Read the original article on The Hill.
The just-released House Republicans' payroll tax plan aims to increase doctors' Medicare reimbursement by dramatically cutting the Prevention and Public Health Fund by more than two-thirds. We must address the rates that Medicare pays doctors, but doing so by raiding the prevention fund is a short-sighted solution that will cost money, not save it. Quality, affordable medical care and community prevention work hand-in-hand. Congress must find another way.
Every dollar we divert from prevention will cost us as much as five dollars down the road. By reducing expenditures and reducing need in the first place, investments in comprehensive prevention bend the cost curve and stem the rising tide of expenditures on preventable chronic diseases.
By supporting local communities through $15 billion over the next ten years, the Fund advances our nation beyond a focus on sickness and treatment to one of ensuring health and well-being through innovative, evidence-based community prevention. Communities are already putting these strategies to work in their neighborhoods, addressing the chronic diseases that place the heaviest cost burdens on our health care system.
Prevention works. A recent Gallup poll found that U.S. businesses suffer $153 billion in annual lost productivity due to chronic diseases, including those resulting from lack of access to healthy food and opportunity for physical activity. Since Johnson and Johnson implemented workplace wellness programs in 1995, the percentage of employees who smoke dropped by more than two-thirds. The number who have high blood pressure or who are physically inactive declined by more than half. Johnson and Johnson's wellness programs saved the company $250 million on health care costs over the past decade. In times of great economic need, our businesses, our communities and our health care system will all benefit from more prevention funding-not cuts.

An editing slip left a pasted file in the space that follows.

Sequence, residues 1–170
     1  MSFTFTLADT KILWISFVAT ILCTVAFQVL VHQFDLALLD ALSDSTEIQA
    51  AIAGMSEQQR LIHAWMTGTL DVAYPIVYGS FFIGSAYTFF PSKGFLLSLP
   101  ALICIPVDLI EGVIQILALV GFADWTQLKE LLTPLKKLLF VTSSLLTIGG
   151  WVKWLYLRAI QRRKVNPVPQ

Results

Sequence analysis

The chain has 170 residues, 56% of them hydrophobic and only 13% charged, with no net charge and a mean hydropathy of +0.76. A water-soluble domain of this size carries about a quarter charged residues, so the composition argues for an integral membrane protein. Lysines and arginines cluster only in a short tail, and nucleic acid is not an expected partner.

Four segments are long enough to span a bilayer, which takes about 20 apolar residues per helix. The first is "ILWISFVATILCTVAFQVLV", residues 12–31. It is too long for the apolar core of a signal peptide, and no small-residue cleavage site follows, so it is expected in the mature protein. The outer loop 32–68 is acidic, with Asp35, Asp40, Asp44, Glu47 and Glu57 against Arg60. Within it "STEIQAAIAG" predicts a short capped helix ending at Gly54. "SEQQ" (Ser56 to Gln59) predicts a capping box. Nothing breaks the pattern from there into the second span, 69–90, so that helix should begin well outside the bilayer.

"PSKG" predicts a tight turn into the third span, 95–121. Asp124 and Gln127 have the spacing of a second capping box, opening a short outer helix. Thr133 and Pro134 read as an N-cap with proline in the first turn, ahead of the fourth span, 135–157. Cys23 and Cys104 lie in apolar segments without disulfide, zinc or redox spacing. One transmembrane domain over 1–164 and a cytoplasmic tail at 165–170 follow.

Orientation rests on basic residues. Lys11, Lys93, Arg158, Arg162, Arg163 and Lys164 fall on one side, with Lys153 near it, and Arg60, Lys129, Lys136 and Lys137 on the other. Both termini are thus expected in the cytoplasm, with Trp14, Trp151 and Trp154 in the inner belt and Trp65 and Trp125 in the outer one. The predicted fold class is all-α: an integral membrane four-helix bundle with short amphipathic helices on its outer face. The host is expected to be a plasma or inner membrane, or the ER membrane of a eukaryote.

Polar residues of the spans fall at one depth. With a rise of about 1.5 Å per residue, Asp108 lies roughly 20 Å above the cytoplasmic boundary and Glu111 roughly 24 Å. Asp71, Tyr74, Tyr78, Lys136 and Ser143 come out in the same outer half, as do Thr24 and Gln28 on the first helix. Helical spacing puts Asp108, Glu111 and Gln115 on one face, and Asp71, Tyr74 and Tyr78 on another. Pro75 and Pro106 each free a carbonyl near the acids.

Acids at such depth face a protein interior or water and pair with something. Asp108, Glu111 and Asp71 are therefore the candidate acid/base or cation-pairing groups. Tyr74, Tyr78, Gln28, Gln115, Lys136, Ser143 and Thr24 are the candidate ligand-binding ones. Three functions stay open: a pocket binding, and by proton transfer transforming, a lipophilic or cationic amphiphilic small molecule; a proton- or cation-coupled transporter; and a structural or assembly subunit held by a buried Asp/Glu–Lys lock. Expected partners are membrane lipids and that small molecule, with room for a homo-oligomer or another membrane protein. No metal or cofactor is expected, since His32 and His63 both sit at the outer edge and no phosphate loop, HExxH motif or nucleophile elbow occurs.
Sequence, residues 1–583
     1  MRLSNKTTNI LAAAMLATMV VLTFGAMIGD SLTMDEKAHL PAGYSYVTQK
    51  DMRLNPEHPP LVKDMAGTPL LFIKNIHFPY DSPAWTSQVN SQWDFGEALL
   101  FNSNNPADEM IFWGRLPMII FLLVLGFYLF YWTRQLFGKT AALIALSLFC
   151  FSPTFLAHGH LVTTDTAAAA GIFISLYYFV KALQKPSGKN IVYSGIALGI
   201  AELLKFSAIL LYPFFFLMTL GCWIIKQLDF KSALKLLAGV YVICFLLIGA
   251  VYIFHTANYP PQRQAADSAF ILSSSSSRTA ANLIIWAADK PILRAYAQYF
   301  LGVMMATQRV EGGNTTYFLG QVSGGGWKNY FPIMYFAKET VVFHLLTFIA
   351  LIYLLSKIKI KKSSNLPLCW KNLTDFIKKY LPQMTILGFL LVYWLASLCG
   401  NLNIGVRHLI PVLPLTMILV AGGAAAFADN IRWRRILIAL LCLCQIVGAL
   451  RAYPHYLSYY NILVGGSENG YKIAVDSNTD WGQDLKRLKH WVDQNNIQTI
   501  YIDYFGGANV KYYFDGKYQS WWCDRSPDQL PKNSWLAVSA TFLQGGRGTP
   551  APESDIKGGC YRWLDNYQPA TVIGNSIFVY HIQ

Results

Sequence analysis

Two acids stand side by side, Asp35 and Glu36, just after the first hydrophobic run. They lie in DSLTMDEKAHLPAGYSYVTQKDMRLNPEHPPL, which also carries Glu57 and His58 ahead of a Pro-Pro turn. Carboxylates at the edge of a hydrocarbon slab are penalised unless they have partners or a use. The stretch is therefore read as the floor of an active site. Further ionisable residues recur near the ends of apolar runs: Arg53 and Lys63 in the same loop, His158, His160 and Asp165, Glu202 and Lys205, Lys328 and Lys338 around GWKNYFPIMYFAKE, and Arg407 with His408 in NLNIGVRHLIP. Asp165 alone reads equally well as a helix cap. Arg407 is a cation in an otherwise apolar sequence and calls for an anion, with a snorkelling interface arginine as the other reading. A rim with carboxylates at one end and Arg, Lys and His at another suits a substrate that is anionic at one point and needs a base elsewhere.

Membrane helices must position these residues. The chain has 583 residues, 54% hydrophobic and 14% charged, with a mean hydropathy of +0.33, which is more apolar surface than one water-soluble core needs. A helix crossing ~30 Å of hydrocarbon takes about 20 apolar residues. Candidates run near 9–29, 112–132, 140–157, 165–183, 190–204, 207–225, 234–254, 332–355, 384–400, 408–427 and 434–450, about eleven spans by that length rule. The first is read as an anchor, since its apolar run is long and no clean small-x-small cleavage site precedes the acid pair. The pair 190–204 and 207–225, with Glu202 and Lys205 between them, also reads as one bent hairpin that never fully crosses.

Public health is not separate from health care delivery. In fact, in a new national survey from the Robert Wood Johnson Foundation, 3 out of 4 physicians surveyed wished our current health care system would cover the costs of addressing their patients' social needs, the very needs community prevention resolves-such as lack of safe open spaces for physical activity and lack of meaningful access to affordable housing and nutritious food. Furthermore, 85% of physicians reported that it was as important to address these unmet social needs as medical conditions.
Using the Fund as an offset for the "doc fix" takes our country backward, stifling the opportunity to build a health care system where public health and health care are fully integrated. We will advance the health and well-being of our nation by helping public health and health care work together better, not by pitting them against each other.